The doctrine of the general resurrection is central to the Christian theological conception of the afterlife. At the core of the doctrine is the claim that numerically the same body that dies will one day be restored to life. Conceptually it is relatively straightforward to envision this process in the case of Christ who died on Friday and rose on Sunday. But it is rather more difficult to envision this process for a body vaporized by a nuclear explosion or simply one decayed away to nothing eons ago.
Given the nature of these and other perplexities, Christians have long reflected philosophically and theologically on the nature of the resurrection body. Some of that reflection is carried out in my forthcoming book on heaven. But here I want to consider another question.
In recent decades human beings have come to terms with the fact that they are not just living beings and living systems (e.g. we’re full of living cells). We are also living ecosystems with countless tiny creatures living out their miserable little lives in and on our bodies. And that raises a question: will the resurrection of our body entail the resurrection of a community of microscopic living creatures with it?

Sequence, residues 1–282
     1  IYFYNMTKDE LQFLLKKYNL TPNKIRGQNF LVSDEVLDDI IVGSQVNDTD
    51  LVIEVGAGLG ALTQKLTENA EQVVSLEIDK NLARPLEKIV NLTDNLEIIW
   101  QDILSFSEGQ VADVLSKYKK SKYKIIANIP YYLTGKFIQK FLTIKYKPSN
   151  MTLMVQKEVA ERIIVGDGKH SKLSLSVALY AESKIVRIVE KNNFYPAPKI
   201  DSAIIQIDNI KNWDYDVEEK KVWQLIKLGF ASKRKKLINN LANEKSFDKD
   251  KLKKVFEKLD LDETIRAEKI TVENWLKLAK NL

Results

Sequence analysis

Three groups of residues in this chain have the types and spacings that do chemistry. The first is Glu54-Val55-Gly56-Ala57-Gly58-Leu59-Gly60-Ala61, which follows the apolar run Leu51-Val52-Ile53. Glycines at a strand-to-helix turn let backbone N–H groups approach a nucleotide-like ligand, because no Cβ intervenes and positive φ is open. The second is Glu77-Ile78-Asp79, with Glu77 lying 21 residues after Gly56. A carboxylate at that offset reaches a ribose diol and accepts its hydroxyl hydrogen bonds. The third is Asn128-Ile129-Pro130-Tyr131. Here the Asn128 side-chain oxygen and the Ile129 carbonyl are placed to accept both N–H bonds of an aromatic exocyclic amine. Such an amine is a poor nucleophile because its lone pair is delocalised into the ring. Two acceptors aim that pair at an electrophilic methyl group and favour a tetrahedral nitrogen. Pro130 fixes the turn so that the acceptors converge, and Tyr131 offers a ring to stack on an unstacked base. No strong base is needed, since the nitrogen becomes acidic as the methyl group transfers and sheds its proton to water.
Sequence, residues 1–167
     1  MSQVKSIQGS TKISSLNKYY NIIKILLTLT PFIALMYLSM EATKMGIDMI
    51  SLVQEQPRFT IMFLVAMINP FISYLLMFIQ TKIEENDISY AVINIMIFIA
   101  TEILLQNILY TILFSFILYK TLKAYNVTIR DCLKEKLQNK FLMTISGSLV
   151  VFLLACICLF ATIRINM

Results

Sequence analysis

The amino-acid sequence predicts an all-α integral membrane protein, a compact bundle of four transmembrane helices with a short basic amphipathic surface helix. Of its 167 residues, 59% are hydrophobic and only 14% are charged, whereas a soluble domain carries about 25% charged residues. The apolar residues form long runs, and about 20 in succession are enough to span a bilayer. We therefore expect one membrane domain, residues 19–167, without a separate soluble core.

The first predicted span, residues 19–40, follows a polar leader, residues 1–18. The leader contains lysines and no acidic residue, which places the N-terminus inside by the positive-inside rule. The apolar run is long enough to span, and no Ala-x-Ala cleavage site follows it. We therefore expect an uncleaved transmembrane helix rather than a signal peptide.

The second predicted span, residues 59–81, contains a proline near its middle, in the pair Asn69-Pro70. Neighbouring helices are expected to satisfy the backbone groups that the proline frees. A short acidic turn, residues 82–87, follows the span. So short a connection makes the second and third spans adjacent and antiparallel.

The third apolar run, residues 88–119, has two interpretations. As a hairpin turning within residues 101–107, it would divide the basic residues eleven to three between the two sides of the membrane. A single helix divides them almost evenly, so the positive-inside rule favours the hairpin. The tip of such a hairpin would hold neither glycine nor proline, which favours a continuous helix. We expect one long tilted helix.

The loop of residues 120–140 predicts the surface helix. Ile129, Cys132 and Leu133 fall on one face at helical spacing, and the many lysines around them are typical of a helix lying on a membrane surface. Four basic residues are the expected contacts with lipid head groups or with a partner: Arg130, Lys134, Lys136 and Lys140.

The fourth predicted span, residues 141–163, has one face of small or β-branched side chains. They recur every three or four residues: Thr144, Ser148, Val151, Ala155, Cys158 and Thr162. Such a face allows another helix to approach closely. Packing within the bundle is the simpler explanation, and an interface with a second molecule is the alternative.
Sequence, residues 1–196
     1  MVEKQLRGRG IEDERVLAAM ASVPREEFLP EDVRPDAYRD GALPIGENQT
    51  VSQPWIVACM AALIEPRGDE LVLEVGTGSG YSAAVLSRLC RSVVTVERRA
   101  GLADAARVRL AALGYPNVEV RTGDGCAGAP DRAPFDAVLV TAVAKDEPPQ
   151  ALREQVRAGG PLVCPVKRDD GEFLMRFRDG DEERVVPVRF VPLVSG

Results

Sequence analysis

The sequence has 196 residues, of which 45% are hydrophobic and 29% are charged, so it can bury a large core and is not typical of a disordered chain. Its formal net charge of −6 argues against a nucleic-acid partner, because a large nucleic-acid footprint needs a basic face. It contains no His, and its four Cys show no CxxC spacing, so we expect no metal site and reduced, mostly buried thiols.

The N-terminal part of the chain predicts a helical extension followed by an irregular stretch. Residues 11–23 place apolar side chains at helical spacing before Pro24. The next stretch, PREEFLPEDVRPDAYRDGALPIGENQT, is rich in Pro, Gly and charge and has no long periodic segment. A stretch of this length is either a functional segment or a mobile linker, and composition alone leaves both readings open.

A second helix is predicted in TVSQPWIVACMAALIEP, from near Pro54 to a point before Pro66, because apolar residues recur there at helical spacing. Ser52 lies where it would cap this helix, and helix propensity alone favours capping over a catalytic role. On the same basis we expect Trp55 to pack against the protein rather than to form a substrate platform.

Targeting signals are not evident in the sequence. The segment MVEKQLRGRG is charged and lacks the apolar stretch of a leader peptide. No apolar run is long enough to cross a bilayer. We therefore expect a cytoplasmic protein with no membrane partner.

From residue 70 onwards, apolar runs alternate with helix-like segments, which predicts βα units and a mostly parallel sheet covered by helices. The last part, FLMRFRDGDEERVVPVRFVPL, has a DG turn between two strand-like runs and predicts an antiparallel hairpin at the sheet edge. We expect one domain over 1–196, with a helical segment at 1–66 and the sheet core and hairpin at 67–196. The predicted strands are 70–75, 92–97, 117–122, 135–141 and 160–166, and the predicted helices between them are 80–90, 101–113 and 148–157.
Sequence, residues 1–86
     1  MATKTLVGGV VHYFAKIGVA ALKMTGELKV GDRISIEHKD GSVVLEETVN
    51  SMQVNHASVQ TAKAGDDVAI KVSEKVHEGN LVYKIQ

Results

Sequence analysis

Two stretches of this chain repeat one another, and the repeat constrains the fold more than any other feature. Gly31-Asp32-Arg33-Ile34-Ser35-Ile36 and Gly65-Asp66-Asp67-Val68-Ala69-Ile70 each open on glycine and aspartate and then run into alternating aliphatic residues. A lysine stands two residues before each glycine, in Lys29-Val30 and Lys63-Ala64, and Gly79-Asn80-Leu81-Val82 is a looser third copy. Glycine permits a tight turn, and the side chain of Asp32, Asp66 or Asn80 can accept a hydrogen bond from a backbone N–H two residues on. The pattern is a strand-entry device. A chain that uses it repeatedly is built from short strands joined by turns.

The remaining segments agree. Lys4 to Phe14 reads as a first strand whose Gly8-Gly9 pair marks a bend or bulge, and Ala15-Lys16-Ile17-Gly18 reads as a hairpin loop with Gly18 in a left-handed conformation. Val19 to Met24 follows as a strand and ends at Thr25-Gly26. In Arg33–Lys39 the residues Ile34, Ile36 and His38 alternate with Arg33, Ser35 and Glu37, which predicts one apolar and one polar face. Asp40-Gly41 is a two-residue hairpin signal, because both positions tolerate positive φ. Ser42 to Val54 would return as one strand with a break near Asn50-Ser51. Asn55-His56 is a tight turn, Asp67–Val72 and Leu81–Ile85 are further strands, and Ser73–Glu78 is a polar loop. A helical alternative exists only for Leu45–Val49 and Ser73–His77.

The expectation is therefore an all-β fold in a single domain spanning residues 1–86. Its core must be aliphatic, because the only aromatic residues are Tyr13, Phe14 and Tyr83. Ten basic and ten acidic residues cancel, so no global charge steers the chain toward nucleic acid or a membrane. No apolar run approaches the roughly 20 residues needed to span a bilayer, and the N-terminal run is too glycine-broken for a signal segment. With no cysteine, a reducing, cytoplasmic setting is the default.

Now in some cases the answer is relatively straightforward. Those of us who suffer at present from the itch and social stigma of head lice will surely undergo a thorough nit picking prior to entering the pearly gates. After all, head lice are foreign intruders, readily dispensed with in this life and thus all the more eliminable in the next.
But other freeloaders are not so easily dispensed with. Among the countless microorganisms that populate the human body are millions of gut flora which aid us in digestion. Is there any reason to think our bodies will be purged of these creatures at the resurrection? It certainly is possible to envision a body that no longer requires a balance of intestinal bacteria for healthy digestion and bodily maintenance. But most of us are probably not particularly perturbed by the possiblity that they might remain. If we have no problem drinking ten billion bacteria in a yogurt drink now, why should we have a problem doing so after the resurrection?
Much more disturbing are creatures that are neither readily eliminable like nits nor so tiny that their presence is undisturbing like bacteria. I’m thinking here, in particular, of (cue scary organ music) face mites!
Read this fascinating discussion of the nasty little Demodex mite from the Discover blog: “Everything you never wanted to know about the mites that eat, crawl, and have sex on your face.”
Human beings are not born with the Demodex mite. Rather, it hitches a ride on us after we emerge from the birth canal. You might think then that we’re okay because surely God would have no reason to recreate such icky things to place them on our faces.
But things may not be that clear. Christian theology teaches that God will restore not just the human body but the entire creation. As I note in my heaven book, the concept of resurrection is properly extended not just to the human body but to the creation: God will raise his creation to new life as surely as our bodies. This raises all sorts of perplexing questions including this one: If all dogs go to heaven, what about all Demodex?